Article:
Students joining the MTax program can complete their degree in just one year – taking two eight-week courses at a time throughout the fall and spring semesters along with a summer course and capstone courses offered periodically during the 12-month program helping to prepare students for the CPA exam. Students will also receive specialized training in individual, corporate and partnership taxation as well as estate planning.
Additionally, students have the option to graduate with both an MTax and Master of Business Administration (MBA) degree with one extra semester of study and a slightly different semester course structure.
Psychology Professor Studies Drug Therapy
Joshua Swift, Idaho State University assistant professor of psychology, was recently a lead researcher on a study regarding patients’ likelihood to refuse drug therapy more than psychotherapy for mental health treatment. The review of research published by the American Psychological Association said that people seeking help for mental disorders are more likely to refuse or not complete the recommended treatment if it involves only psychotropic drugs.
Investigators conducted a meta-analysis of 186 studies of patients seeking help for mental health issues that examined whether they accepted the treatment that was recommended and if they did, whether they completed it. Fifty-seven of the studies, comprising 6,693 patients, had a component that reported refusal of treatment recommendations, and 182 of the studies, comprising 17,891 patients, had a component reporting premature termination of treatment.
After diagnosis, patients in the studies were recommended to drug-only therapy (pharmacotherapy), talk therapy (psychotherapy) or a combination of the two.
“We found that rates of treatment refusal were about two times greater for pharmacotherapy alone compared with psychotherapy alone, particularly for the treatment of social anxiety disorder, depressive disorders and panic disorder,” said Swift. “Rates of premature termination of therapy were also higher for pharmacotherapy alone, compared with psychotherapy alone, particularly for anorexia/bulimia and depressive disorders.”
The research was published in the APA journal “Psychotherapy.”
Researcher Finds Lower Injury Rates on Turf vs. Grass
Idaho State University faculty member Michael Meyers has published research findings that conclude there is a significantly lower injury rate for collegiate men’s soccer athletes playing on FieldTurf, a type of artificial turf, versus playing on natural grass.
Meyers, an associate professor of sports science and physical education, published “Incidence, Mechanisms, and Severity of Match-Related Collegiate Men’s Soccer Injuries on FieldTurf and Natural Grass Surfaces: A 6-Year Prospective Study” in the Nov. 21 issue of The American Journal of Sports Medicine.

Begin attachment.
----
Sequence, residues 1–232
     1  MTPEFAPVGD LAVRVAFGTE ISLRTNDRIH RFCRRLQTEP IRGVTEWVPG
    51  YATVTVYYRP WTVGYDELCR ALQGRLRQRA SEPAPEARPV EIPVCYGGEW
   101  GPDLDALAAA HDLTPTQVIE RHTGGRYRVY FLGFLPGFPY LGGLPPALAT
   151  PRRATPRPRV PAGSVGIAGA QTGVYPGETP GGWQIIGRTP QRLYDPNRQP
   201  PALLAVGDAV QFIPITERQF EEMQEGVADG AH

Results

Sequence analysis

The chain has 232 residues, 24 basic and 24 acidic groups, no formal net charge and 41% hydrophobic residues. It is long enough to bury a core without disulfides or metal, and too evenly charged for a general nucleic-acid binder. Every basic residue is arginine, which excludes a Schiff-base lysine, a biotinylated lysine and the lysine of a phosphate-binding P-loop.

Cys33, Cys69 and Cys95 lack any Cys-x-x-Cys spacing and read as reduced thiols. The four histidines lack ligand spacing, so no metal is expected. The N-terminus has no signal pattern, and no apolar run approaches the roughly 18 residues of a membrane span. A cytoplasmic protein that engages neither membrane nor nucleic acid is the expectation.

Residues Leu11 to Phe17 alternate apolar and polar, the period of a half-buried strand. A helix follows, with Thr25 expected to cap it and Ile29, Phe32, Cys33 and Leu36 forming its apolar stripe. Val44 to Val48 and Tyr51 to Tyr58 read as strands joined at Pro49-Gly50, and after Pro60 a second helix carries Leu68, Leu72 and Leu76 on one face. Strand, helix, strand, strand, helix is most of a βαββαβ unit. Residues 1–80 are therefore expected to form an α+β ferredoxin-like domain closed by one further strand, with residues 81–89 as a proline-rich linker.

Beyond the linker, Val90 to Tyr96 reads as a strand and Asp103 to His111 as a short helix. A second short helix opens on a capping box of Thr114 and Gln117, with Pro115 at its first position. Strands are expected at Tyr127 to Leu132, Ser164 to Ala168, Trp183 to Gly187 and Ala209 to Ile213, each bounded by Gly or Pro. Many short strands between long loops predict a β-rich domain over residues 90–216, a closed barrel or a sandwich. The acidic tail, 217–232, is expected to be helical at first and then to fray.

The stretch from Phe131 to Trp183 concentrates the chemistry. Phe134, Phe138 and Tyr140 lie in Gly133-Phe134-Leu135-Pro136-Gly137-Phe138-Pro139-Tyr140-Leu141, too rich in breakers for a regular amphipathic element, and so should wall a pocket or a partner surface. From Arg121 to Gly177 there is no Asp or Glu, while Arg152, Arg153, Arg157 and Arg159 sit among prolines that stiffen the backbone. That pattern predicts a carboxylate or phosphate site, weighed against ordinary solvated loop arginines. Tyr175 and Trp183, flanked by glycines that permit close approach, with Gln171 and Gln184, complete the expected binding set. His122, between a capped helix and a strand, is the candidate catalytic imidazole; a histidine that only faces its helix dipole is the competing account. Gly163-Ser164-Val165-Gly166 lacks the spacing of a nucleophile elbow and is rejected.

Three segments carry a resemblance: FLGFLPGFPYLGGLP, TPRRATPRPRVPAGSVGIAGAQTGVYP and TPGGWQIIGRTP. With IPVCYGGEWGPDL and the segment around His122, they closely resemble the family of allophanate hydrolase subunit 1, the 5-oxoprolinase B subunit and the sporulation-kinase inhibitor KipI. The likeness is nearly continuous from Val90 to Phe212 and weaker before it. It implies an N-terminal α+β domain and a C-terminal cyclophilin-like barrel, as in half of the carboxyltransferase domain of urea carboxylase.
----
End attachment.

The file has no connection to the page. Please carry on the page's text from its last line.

“Although similarities existed between FieldTurf and natural grass during competitive match play, FieldTurf is, in many cases, safer than natural grass when comparing injuries in collegiate men’s soccer,” Meyers said.
He qualified this remark by saying the findings of this study, however, may not be generalized and applied to other levels of competition or to other artificial surfaces.
Meyers studied male soccer athletes from 11 NCAA Division I universities over six seasons. He evaluated 765 games for the match-related injuries playing on the two surfaces.
Of the 765 games, 380 were played on FieldTurf and 385 were played on grass. There were 722 injuries, with 37 percent occurring on FieldTurf and 63 percent occurring on natural grass.
Meyers’ analyses also indicated significantly less trauma on FieldTurf when comparing severity of injury, injury category, time loss, player position, injury mechanism and situation, injuries under various environmental conditions, cleat design, turf age, anatomic location and elective medical procedures.
“More than 1 million athletes play competitive soccer in the United States. Unfortunately, with this volume of competition, the number of injuries is rising, and the cost of treatment and rehabilitation is reaching into the millions of dollars each year,” Meyers said. “Coupled with this is the psychological trauma and setbacks in training, and the potential for long-term degenerative changes typically experienced by athletes after a significant injury. Therefore, the results of this study that have identified factors that predispose soccer athletes to these injuries should provide some guidance when selecting playing surfaces in the future.
The Support of a Team
A well-known fact of education and learning is that none of us can do it on our own. All of us have at least one teacher, faculty member, mentor, advisor or fellow student who helped us along the way.
At Idaho State University, we are a community of innovative faculty, driven students, generous alumni and community members who care about and support the education we provide.
In this issue of Idaho State University magazine, we honor members of our Bengal community. You will find a story on the Kasiska family, who have not only changed the lives of hundreds of students with their scholarship gifts, but did their part to help alleviate health care shortages in our communities. You will also find the story of Dr. Linda Hatzenbuehler, the founding dean of the Division of Health Sciences, and a woman who has devoted her career to educating generations of health care professionals.
We honor our outstanding student award winners who are graduating this spring and leading more than 2,000 new Bengal alumni out into the world to make a difference. We honor our outstanding faculty members for their teaching, community service and research. We honor our alumni, who embody the Bengal spirit in their careers.
I am grateful for our Bengal community. As we finish one academic year, and begin another, I invite you to share your ISU experience with a future Bengal. It could be the beginning of something great.
President Arthur Vailas